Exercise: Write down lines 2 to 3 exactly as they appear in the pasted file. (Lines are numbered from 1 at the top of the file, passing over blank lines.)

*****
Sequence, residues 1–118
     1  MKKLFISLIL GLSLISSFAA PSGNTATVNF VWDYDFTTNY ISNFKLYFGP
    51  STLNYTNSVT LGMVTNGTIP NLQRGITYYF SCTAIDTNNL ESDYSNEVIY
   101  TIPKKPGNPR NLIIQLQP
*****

     1  MKKLFISLIL GLSLISSFAA PSGNTATVNF VWDYDFTTNY ISNFKLYFGP
    51  STLNYTNSVT LGMVTNGTIP NLQRGITYYF SCTAIDTNNL ESDYSNEVIY